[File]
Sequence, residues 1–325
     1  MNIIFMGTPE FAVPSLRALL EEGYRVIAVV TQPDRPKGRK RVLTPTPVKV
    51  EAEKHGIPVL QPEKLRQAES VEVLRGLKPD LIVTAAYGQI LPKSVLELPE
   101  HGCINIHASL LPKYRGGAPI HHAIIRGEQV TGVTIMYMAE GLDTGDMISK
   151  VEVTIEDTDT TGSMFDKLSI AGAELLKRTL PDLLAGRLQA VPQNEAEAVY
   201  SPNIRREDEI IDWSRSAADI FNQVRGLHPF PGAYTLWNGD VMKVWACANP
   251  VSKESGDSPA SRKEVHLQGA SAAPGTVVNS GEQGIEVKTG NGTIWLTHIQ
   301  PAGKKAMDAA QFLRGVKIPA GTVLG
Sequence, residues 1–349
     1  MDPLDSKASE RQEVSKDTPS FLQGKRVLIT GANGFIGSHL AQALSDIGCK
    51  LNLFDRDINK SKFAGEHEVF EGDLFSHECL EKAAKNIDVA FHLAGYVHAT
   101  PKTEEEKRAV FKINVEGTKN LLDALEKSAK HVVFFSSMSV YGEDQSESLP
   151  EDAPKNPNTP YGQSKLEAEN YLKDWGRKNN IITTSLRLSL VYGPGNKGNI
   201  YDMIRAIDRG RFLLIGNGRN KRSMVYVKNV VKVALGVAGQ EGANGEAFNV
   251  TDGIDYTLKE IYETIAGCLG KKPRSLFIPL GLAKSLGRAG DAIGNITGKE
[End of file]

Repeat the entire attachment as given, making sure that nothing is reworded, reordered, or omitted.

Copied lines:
Sequence, residues 1–325
     1  MNIIFMGTPE FAVPSLRALL EEGYRVIAVV TQPDRPKGRK RVLTPTPVKV
    51  EAEKHGIPVL QPEKLRQAES VEVLRGLKPD LIVTAAYGQI LPKSVLELPE
   101  HGCINIHASL LPKYRGGAPI HHAIIRGEQV TGVTIMYMAE GLDTGDMISK
   151  VEVTIEDTDT TGSMFDKLSI AGAELLKRTL PDLLAGRLQA VPQNEAEAVY
   201  SPNIRREDEI IDWSRSAADI FNQVRGLHPF PGAYTLWNGD VMKVWACANP
   251  VSKESGDSPA SRKEVHLQGA SAAPGTVVNS GEQGIEVKTG NGTIWLTHIQ
   301  PAGKKAMDAA QFLRGVKIPA GTVLG
Sequence, residues 1–349
     1  MDPLDSKASE RQEVSKDTPS FLQGKRVLIT GANGFIGSHL AQALSDIGCK
    51  LNLFDRDINK SKFAGEHEVF EGDLFSHECL EKAAKNIDVA FHLAGYVHAT
   101  PKTEEEKRAV FKINVEGTKN LLDALEKSAK HVVFFSSMSV YGEDQSESLP
   151  EDAPKNPNTP YGQSKLEAEN YLKDWGRKNN IITTSLRLSL VYGPGNKGNI
   201  YDMIRAIDRG RFLLIGNGRN KRSMVYVKNV VKVALGVAGQ EGANGEAFNV
   251  TDGIDYTLKE IYETIAGCLG KKPRSLFIPL GLAKSLGRAG DAIGNITGKE